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India’s Rupee Rises to Seven-Month High Before Inflation Reports

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March 10 (Bloomberg) -- India’s rupee rose to the highest level in seven months before reports this week that economists predict will show slowing inflation.

Consumer prices probably rose 8.30 percent in February from a year earlier, according to the median of 39 estimates in a Bloomberg survey before data due March 12. January’s increase was 8.79 percent. Wholesale price gains slowed to 4.90 percent from 5.05 percent, another survey predicts. Data last week showed the current-account deficit shrank to a four-year low.

“These are still early signs of a recovery,” analysts at Religare Capital Markets Ltd., including Tirthankar Patnaik in Mumbai, wrote in a research report today. “Import revival and dollar strengthening from a potential U.S. recovery are likely to keep the rupee under pressure.”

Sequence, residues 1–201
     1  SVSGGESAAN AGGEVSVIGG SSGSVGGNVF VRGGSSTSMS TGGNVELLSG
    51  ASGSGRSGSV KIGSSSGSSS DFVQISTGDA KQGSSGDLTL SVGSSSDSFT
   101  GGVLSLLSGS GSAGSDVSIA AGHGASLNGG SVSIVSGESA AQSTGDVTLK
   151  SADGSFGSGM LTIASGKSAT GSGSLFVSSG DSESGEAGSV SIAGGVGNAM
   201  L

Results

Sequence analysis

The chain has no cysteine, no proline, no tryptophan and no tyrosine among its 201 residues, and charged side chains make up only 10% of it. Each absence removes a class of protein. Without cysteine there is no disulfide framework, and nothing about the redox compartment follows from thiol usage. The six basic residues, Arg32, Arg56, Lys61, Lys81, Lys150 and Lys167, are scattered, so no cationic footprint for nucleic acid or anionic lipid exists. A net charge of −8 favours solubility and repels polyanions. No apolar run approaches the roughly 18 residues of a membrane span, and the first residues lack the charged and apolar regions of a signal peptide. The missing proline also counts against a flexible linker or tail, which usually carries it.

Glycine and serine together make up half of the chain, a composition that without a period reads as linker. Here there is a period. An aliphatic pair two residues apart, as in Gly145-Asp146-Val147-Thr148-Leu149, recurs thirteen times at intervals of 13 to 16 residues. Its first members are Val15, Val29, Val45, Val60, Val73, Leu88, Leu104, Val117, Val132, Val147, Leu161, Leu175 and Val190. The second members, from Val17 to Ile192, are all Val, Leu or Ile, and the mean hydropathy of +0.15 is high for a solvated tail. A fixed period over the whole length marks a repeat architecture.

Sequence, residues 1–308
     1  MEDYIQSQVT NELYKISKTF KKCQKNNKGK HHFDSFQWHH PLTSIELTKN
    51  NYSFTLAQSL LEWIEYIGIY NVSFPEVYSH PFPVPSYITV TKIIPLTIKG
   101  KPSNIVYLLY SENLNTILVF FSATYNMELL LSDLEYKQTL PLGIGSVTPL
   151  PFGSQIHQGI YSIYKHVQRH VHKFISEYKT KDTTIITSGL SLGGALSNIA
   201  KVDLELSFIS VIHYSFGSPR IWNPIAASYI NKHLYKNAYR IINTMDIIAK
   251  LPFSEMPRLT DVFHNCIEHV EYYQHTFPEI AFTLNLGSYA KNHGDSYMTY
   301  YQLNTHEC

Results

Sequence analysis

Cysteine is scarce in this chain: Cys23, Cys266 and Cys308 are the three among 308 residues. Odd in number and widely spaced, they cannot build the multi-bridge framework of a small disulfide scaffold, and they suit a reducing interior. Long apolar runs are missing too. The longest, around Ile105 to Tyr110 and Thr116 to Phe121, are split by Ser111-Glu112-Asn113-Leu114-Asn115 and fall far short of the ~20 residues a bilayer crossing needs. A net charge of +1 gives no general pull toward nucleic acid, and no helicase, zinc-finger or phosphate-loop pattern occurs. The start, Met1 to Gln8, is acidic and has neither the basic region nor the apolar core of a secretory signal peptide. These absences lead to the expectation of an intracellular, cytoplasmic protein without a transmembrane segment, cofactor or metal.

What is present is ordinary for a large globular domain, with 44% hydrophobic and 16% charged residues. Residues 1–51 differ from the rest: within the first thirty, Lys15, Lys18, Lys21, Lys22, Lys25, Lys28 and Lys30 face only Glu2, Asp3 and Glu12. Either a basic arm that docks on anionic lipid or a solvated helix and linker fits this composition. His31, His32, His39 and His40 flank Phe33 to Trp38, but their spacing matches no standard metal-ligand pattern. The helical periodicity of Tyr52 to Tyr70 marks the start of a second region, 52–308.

The rupee rose 0.4 percent to 60.8425 per dollar in Mumbai, according to prices from local banks compiled by Bloomberg. It touched 60.79 earlier, the strongest level since Aug. 12. The Reserve Bank of India will keep the rupee from gaining much beyond 61.00, Credit Suisse Group AG predicts.

The U.S. reported better-than-estimated payroll figures on March 7, triggering concern the Federal Reserve will decide next week to further reduce monthly bond purchases to $55 billion. American employers added 175,000 jobs in February, the most in three months and higher than the 149,000 estimate in a Bloomberg survey.

One-month implied volatility in the rupee, a gauge of expected moves in the exchange rate used to price options, declined 23 basis points, or 0.23 percentage point, to 7.98 percent.

Three-month offshore non-deliverable forwards rose 0.4 percent to 62.04 per dollar, data compiled by Bloomberg show. Forwards are agreements to buy or sell assets at a set price and date. Non-deliverable contracts are settled in dollars.

To contact the reporter on this story: Jeanette Rodrigues in Mumbai at jrodrigues26@bloomberg.net

To contact the editors responsible for this story: James Regan at jregan19@bloomberg.net Abhay Singh, Sam Nagarajan

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